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Please use this identifier to cite or link to this item: http://hdl.handle.net/1993/4198

Title: Characterization of RTEL/PCNA interaction in the maintenance of genomic stability
Authors: Nabi, Md. Zinnatun
Supervisor: Ding, Hao (Biochemistry & Medical Genetics)
Examining Committee: Wigle, Jeffrey (Biochemistry & Medical Genetics) Gietz, Daniel (Biochemistry & Medical Genetics) Mai, Sabine (Physiology)
Graduation Date: October 2010
Keywords: Molecular Biology
Transgenic model
Issue Date: 14-Sep-2010
Abstract: Previously, we have demonstrated that a DNA helicase-like protein, termed RTEL (regulator of telomere length) is essential for the maintenance of genomic stability. RTEL deficiency induced telomere loss and genomic instability, leading to embryonic lethality. However, the role of RTEL in these biological pathways is largely unknown. To uncover RTEL’s function(s), we applied several approaches to identify the proteins that could interact with RTEL. Proliferating Cell Nuclear Antigen (PCNA), the key regulator of the replication fork, was found to be a strong candidate. In this study, we have demonstrated the interaction between RTEL and PCNA. Further characterization of the interaction between RTEL and PCNA revealed that the interaction is important for maintaining genomic stability. Due to the essential role of PCNA in nucleic acid metabolism as a component of the replication and repair machinery, its interaction with RTEL could be the key to the role of RTEL in the maintenance of genomic stability and mouse development. Along with a bioinformatics approach, we have employed several biochemical approaches to identify the interaction of PCNA with RTEL. Using co-immunoprecipitation, we have demonstrated that RTEL can specifically interact with PCNA. A PCR-based mutagenesis method was used to mutate the PCNA-interacting motif (PIP) in RTEL. Further we have demonstrated that several key amino acids in the PIP motif are responsible for mediating RTEL/PCNA interaction by using co-immunoprecipitation and immunofluorescence studies. Using a gene-targeting approach, we have specifically knocked-in a mutant RTEL with a mutation in PIP motif into mouse genome. Thus we have developed a transgenic mouse model to study the significance of the interaction between RTEL/PCNA in vivo. This study not only validated the interaction of RTEL with PCNA, via the PIP box, but also generated the RTEL PIP mutant alleles for further functional analysis by transgenic approaches. We have employed biochemical and cytogenetic studies to characterize the phenotypes in RtelI1169A/I1169A mouse. This is the first direct genetic approach to address whether PCNA is an important downstream mediator of RTEL’s function in the regulation of genomic integrity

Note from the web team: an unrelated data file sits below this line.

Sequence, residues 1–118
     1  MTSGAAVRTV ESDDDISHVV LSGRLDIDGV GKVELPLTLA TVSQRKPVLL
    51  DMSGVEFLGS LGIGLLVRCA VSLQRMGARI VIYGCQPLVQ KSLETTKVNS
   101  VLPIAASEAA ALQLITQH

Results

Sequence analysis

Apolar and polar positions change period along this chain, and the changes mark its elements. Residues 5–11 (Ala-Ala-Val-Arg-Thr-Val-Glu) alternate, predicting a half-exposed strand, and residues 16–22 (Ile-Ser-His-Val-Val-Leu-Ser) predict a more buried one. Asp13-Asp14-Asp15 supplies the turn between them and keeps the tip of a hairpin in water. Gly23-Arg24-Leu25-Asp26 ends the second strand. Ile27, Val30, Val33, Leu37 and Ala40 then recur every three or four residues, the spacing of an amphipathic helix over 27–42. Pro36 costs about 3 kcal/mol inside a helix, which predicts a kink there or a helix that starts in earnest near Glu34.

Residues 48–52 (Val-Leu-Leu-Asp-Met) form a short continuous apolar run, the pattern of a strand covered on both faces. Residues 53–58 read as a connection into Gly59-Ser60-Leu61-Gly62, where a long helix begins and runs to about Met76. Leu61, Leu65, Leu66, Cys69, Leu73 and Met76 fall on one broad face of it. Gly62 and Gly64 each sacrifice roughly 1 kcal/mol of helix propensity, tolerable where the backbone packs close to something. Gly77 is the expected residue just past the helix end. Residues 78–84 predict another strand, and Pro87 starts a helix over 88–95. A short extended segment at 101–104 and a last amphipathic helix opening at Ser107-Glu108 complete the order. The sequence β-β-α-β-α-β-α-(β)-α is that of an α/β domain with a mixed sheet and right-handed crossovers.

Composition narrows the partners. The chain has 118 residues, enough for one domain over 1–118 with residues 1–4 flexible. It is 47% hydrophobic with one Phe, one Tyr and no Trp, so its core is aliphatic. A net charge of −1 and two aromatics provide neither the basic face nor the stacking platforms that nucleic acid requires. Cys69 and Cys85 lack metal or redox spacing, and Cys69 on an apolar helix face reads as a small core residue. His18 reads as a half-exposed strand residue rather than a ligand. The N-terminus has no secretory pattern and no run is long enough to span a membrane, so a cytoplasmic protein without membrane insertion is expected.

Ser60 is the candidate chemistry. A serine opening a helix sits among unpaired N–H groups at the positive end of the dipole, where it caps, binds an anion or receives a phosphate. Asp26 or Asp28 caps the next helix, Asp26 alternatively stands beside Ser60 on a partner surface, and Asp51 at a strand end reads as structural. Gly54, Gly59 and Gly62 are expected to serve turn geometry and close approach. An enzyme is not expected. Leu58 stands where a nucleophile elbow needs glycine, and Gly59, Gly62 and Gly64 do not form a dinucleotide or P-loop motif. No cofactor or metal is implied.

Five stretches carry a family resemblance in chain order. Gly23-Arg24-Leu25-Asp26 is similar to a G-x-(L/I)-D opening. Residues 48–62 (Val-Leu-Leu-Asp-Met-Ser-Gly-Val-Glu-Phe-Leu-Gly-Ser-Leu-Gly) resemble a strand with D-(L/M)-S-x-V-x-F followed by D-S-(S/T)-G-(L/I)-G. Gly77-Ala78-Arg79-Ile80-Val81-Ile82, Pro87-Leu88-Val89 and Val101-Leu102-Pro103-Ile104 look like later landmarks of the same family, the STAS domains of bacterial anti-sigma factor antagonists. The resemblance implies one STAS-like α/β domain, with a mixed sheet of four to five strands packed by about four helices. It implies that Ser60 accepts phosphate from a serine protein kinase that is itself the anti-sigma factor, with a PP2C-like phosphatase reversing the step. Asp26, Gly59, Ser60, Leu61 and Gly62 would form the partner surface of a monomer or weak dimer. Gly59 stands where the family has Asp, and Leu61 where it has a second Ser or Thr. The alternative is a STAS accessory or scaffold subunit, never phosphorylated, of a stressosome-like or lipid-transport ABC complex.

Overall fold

URI: http://hdl.handle.net/1993/4198
Appears in Collection(s):FGS - Electronic Theses & Dissertations (Public)

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